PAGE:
Homework Doesn’t Make Kids Smarter

Academic achievement is not improved by homework. Homework is designed to indicate to teachers which of their students know the lessons, and which don’t. Homework is just repetitious paper work.

Math homework is an excellent example of this. The third graders sit in the class, and copy the sums from the board. They work out the sums and then the teacher shows them the right answers and they hand in their papers. Now the teacher hands out copies of sums just like the ones on the board and tell the children this is their homework.

The kids who already understand the sums will just do them quickly and hand in the paper.

The kids who didn’t get it in the first place will spend an inordinate amount of time trying to figure it out. Most likely, their parents will help them, and their understanding will not be all that much better.

The only real academic achievement here is the kids who already got it will prove they got it to the teacher. Though up to one third, possibly more, of the kids did not fully grasp the concept behind the sums, the assistance from the parents may mask this. Even if the teacher is aware these children are falling behind, he or she needs to move on to the next unit. Just as sales people must make their quota, teachers must meet their outcomes. All units must be taught and academic comprehension be damned.

In this all too common scenario, homework does not advance academic achievement.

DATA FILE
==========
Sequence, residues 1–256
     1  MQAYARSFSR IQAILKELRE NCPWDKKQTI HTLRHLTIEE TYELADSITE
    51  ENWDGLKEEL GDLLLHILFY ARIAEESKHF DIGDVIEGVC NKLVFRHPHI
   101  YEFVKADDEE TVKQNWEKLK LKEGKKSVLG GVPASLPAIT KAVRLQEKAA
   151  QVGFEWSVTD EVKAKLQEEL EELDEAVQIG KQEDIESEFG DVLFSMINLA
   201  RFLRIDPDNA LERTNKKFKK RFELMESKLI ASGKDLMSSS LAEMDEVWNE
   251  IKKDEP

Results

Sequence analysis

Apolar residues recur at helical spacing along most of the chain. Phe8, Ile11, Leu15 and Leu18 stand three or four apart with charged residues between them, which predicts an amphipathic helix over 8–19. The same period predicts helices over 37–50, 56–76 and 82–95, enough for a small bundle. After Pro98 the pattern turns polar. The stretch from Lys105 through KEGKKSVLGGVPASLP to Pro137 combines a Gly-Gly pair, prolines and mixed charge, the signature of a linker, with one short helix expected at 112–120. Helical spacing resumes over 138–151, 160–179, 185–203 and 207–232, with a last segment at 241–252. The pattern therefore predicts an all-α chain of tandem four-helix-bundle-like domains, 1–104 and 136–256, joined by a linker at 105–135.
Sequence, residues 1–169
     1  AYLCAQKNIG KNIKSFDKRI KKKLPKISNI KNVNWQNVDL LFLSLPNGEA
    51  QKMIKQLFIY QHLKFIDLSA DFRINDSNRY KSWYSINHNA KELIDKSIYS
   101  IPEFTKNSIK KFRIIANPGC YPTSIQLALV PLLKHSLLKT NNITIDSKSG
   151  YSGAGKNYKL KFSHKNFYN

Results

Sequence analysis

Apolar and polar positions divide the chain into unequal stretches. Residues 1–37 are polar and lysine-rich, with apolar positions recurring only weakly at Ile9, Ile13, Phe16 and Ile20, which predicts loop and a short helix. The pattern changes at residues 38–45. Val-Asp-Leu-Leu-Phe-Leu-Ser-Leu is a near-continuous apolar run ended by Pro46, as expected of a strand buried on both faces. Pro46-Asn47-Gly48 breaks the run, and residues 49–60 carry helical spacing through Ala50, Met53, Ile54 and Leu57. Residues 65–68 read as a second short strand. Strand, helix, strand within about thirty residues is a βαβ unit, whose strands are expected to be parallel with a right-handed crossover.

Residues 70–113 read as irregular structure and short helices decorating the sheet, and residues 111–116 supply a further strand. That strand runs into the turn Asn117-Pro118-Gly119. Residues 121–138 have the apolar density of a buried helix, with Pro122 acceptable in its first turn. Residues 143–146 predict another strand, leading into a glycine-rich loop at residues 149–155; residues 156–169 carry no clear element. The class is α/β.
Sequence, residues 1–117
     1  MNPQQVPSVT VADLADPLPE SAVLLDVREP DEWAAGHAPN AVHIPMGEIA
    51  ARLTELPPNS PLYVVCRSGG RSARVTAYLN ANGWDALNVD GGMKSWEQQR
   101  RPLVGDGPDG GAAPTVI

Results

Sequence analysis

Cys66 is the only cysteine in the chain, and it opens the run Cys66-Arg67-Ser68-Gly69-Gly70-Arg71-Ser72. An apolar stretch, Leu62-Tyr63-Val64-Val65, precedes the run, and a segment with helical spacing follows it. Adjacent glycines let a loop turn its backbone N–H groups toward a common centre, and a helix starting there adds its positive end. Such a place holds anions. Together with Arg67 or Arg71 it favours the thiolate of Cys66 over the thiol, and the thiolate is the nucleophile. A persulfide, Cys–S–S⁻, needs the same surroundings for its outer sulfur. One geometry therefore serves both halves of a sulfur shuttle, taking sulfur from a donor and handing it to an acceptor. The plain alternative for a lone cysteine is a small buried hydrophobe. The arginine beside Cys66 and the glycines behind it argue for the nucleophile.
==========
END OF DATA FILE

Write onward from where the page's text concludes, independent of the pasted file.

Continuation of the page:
It is usually not until the high school level that homework begins to resemble work that advances a concept. Of course, by this time the achievers are already ahead of the game, and all the homework in the world is not going to help those who have fallen through the cracks of the educational system.

There are creative teachers who do manage to pull many of these kids back from the precipice of the academic void. These teachers usually employ unusual methods and instead of using homework as a tool of reiteration, use it to advance lessons taught in the classroom. In these instances, the argument could be made that homework improves academic achievement. But they are the exception, and not the rule.

Homework is not culprit here. Academic achievement is measured in grades and test scores. It is difficult to use these measures to assess comprehension. They assess the ability to regurgitate facts and figures. A fifth grade child may be able to recite the multiplication tables up to multiples of ten. But ask that same child to apply that skill to making a 24 square grid and he’ll look at you like you just asked him to write out the formula for motor oil.

Until such time as a more viable, more comprehension-based form of measuring achievement is devised, homework will be a tool for calculating what is already known, not building on what has been learned.